Democrats lock Republicans out of committee room

Rep. Edolphus Towns (D-N.Y.) locked Republicans out of the House Oversight and Government Reform Committee room to keep them from meeting when Democrats aren’t present.

Towns’ action came after repeated public ridicule from the leading Republican on the committee, Rep. Darrell Issa (R-Calif.), over Towns’s failure to launch an investigation into Countrywide Mortgage’s reported sweetheart deals to VIPs.


For months Towns has refused Republican requests to subpoena records in the case. Last Thursday Committee Republicans, led by Issa, were poised to force an open vote on the subpoenas at a Committee mark-up meeting. The mark-up was abruptly canceled. Only Republicans showed up while Democrats chairs remained empty.

Republicans charged that Towns canceled the meeting to avoid the subpoena vote. Democrats first claimed the mark-up was canceled due to a conflict with the Financial Services Committee. Later they said it was abandoned after a disagreement among Democratic members on whether to subpoena records on the mortgage industry’s political contributions to Republicans.

A GOP committee staffer captured video of Democrats leaving their separate meeting in private chambers after the mark-up was supposed to have begun. He spliced the video to other footage of the Democrats’ empty chairs at the hearing room, set it to the tune of “Hit the Road, Jack” and posted it on the Oversight and Government Reform Committee’s minority webpage, where it remained as of press time.

Towns’s staffers told Republicans they were not happy about the presence of the video camera in the hearing room when they were not present. Issa’s spokesman said the Democrats readily acknowledged to Republicans that they changed the locks in retaliation to the videotape of the Democrats’ absence from the business meeting even though committee rules allow meetings to be taped.

"It's not surprising that they would choose to retaliate given the embarrassment we caused by catching them in a lie on tape,” said Issa spokesman Kurt Bardella. “If only they
would use their creative energy to do some actual oversight rather than resorting to immature tactics, but I guess we're getting some insight into what lengths they'll go to avoid addressing the Countrywide VIP issue."

Towns’s office said in a statement the locks were changed on Republicans "because they don't know how to behave." As for the video the GOP made, Towns's office pointed out: "The minority is using taxpayer dollars to make these campaign style videos." 

Bardella replied: "It's also those same taxpayer dollars that paid for them to sit in a room while they came up with an excuse to cancel the mark-up -- what exactly do they do all day?"

The partisan sniping recalls a similarly bitter name-calling match between House Republicans and Democrats on the Ways and Means Committee in 2003 when Republicans controlled the majority and former Rep. Bill Thomas (R-Calif.) chaired the panel. The episode ended in Thomas, known for his acerbic tongue, summoning the Capitol Police to evict an outraged gaggle of Democratic colleagues from a library in the Longworth House office building.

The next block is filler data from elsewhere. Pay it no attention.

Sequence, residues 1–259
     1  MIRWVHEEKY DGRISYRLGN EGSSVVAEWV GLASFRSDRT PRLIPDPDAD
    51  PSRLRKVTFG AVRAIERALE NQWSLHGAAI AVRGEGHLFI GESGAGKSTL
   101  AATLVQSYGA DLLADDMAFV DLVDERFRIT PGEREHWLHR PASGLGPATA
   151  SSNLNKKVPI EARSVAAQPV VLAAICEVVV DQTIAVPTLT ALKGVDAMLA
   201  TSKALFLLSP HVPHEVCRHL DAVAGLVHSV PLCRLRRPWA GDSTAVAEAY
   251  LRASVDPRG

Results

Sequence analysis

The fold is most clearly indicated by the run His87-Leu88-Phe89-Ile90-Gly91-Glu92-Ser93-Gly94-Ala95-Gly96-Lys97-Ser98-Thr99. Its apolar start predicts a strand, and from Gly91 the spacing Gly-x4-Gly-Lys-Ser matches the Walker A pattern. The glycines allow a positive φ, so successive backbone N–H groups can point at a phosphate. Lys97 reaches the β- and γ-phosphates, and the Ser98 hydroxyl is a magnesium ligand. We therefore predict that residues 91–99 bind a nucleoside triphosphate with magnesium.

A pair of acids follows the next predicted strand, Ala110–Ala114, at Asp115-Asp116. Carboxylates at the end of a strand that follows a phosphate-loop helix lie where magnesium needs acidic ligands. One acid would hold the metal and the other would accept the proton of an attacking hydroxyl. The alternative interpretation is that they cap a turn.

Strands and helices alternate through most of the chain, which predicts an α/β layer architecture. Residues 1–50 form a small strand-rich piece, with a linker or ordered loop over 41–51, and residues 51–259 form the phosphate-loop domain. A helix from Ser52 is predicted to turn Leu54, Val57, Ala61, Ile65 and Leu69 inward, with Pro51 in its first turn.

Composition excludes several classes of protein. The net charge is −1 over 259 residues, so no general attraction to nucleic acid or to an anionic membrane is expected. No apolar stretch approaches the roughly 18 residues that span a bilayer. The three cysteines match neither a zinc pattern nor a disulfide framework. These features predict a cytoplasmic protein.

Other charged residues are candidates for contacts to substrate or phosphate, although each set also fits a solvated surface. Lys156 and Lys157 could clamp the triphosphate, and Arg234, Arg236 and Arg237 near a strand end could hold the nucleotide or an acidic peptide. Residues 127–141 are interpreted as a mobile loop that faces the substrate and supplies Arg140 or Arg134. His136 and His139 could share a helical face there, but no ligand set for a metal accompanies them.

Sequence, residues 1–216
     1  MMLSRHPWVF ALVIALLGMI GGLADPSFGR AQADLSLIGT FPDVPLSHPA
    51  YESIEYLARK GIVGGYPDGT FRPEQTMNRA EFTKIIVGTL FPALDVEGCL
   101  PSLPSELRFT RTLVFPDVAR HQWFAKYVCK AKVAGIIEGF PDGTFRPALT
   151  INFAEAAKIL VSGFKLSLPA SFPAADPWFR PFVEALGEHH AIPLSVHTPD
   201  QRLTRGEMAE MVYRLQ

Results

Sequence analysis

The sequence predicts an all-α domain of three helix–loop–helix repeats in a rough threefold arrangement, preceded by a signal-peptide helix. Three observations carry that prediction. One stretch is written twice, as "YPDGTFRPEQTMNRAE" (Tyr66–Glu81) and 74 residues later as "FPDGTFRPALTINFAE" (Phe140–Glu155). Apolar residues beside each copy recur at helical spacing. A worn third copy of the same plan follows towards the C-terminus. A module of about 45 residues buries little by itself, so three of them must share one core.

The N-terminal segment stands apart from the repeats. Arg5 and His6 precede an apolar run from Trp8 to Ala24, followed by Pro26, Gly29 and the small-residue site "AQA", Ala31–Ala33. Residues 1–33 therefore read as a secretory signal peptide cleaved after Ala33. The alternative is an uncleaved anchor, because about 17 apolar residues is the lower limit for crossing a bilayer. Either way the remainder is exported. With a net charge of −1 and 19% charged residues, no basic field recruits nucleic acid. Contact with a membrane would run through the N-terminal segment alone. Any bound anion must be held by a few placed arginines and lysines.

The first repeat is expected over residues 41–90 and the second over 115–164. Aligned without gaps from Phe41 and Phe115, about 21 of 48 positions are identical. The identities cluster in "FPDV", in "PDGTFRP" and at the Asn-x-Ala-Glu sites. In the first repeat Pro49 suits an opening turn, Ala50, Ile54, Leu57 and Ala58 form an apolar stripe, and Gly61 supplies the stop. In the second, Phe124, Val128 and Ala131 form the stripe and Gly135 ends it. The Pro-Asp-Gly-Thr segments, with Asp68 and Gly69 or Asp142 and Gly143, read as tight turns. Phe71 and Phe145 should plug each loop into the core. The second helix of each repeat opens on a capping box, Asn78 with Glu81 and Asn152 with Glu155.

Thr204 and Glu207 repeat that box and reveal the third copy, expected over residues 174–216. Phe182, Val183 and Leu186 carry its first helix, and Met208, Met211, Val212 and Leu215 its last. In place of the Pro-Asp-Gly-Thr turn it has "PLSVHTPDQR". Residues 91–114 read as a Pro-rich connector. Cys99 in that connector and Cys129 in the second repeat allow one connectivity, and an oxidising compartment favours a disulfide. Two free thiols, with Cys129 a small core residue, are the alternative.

The committee had convened that morning to consider a bipartisan bill that would revise the nation's pension and retirement-saving system.

Democrats objected when Thomas brought up a 90-page substitute measure that had been released shortly before midnight the night before. Democrats said they needed more time to read it. Thomas disagreed.

In response, Democrats objected to a normally perfunctory motion to dispense with the reading of the dense legislation. A clerk obligingly began reading it line by line.

Democrats departed to a library just off the main hearing room, leaving only Rep. Fortney "Pete" Stark (D-Calif.) to prevent the Republicans from obtaining unanimous consent to skip the reading. After a few minutes, Thomas asked again for the unanimous consent, and instantly brought down his gavel. Stark told reporters he had objected, but Thomas had replied, "You're too late."

Even before Thomas gaveled the reading to an end, he had directed staff to call the Capitol Police to remove the Democrats form the library.

Countrywide, now owned by Bank of America, was reported to have given VIP loans and treatment to lawmakers and officials at the federal and local level who were in a position to influence policy affecting the mortgage giant. Issa has repeatedly reminded Committee Democrats that Bank of America officials had said they would turn over records on the VIP program – but only in response to a subpoena.

Towns, who received a mortgage loan from Countrywide but insists he was not part of the VIP program, has said he declined to launch an investigation because he does not want to interfere with an ongoing Justice Department probe into the matter.

-- This article was updated at 6:59 p.m. and at 7:44 a.m.